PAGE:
From a young age, Isabel Dobarro has adapted to each curveball that her music career threw at her; from moving to New York, to bringing classical music into a more contemporary spotlight, to overcoming the challenges placed by the pandemic. She learned that success takes a lot of work and many failures. It’s never a straight line. But one thing’s for sure; her ability for adaptation manifests in the evolution of her music, turning her art into something more meaningful, more powerful, each time she gets onto the stage.
WHAT EDUCATION HAVE YOU COMPLETED?
I started playing the piano at the age of 3. Although none of my relatives is a professional musician, my sister played the piano very well, so we had a piano at home. In Spain, I completed the Grado Elemental and Medio before entering the bachelor’s degree at the age of 15 at the Real Conservatorio Superior de Música de Madrid. I started my master’s at New York University when I was 18 and began teaching at the university as an adjunct instructor a year later. I also obtained a Professional Studies Certificate at Manhattan School of Music. My Ph.D. dissertation is about Spanish composer Luis de Pablo’s piano works.
HOW DOES YOUR MUSIC CAREER USE YOUR SKILLS AND TALENTS? WHAT PROJECTS ARE YOU WORKING ON?
Any music performance career trains several skills such as discipline, teamwork, communication, problem-solving, critical thinking, work under pressure, empathy, and creativeness. I hope to bring all these to my work. I am currently preparing a project on the great French composer Pauline Viardot, linked with my research and promotion of women composers’ pieces, and finishing the recording of a CD with cellist Antonio Martín. I am also developing a project on Music and the Sustainable Development Goals.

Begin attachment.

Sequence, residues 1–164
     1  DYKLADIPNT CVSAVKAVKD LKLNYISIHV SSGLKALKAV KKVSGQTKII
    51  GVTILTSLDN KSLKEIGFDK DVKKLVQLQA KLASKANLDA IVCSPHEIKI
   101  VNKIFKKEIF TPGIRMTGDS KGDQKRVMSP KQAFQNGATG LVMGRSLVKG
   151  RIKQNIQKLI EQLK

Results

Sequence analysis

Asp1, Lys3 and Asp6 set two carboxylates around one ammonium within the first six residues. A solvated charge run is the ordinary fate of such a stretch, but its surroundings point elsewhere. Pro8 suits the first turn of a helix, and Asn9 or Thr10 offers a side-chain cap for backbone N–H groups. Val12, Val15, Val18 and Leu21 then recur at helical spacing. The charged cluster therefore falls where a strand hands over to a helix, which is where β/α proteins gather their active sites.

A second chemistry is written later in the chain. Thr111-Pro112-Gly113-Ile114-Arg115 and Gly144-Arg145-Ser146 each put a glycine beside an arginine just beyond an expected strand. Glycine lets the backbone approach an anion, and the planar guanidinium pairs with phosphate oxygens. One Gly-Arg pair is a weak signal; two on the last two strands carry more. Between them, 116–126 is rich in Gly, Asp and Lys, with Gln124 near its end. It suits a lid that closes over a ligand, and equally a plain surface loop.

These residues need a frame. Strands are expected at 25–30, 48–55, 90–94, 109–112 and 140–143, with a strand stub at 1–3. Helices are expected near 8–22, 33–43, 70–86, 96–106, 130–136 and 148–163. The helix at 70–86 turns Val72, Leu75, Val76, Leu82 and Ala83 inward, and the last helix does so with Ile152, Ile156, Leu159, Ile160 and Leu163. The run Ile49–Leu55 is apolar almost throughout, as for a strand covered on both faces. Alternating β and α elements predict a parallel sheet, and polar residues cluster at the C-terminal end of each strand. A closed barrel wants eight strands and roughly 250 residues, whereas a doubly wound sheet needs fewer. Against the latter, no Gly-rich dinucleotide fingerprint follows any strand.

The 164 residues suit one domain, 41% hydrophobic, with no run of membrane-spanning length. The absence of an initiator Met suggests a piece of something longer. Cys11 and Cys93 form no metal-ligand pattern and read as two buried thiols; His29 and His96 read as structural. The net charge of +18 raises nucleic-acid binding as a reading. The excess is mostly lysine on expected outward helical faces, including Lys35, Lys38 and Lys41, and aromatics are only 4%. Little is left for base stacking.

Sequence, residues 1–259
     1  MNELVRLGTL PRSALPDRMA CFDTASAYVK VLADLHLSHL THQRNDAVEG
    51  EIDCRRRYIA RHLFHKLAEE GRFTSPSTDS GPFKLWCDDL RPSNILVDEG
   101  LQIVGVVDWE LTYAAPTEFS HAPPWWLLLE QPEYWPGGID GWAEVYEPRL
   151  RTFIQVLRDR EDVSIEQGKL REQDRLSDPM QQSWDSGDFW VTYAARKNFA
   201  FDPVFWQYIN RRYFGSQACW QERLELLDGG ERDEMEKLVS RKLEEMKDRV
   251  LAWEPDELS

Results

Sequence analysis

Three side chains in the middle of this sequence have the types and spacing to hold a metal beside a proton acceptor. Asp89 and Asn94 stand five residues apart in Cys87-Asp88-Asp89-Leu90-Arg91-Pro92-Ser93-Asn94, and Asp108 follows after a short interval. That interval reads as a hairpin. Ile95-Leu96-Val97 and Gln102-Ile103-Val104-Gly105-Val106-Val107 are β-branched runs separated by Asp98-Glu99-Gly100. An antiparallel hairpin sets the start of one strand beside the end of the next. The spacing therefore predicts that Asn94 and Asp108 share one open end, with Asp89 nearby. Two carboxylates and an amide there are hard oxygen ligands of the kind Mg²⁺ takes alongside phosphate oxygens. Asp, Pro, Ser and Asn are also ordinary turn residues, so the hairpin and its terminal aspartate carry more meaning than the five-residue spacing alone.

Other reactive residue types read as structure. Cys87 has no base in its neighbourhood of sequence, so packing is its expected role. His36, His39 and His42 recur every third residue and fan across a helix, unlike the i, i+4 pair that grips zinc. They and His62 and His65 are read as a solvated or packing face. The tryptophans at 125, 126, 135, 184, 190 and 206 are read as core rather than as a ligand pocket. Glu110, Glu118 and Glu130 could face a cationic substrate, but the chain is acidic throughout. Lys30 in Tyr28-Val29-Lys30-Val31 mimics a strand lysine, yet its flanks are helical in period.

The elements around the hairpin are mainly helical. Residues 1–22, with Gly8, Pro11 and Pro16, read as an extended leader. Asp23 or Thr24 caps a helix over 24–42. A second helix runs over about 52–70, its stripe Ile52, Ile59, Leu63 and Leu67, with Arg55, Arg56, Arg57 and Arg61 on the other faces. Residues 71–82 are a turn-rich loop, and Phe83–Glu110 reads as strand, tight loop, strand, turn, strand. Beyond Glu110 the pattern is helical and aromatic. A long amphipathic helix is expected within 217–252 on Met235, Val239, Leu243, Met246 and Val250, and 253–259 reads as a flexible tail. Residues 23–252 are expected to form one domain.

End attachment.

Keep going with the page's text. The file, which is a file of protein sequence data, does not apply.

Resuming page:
WHAT OBSTACLES HAVE YOU OVERCOME TO GET WHERE YOU ARE TODAY, BOTH PROFESSIONALLY AND PERSONALLY?
Well, I think the whole music sector and the world is confronting a considerable challenge with COVID. This experience is teaching us to be resilient and learn new valuable skills. I think I have learned that success takes a lot of work and many failures. It is not a straight line. How you manage both successes and missed opportunities shapes who you are as a person and as an artist. Bringing all this to your music-making turns your art into something more meaningful and powerful.
HOW DO YOU SPEND YOUR TIME OUTSIDE OF WORK?
I love movies and traveling, although I have not been able to do the latter lately for obvious reasons. One of the advantages of being a professional musician is traveling worldwide, discovering new cultures, and their extraordinary artistic heritage.
WHAT WOULD YOU BE IF YOU WERE NOT A PROFESSIONAL MUSICIAN?
If I were not a professional musician, I would be doing any job that has a positive impact on society. I think my family and friends would say I am a committed, creative, and positive person.
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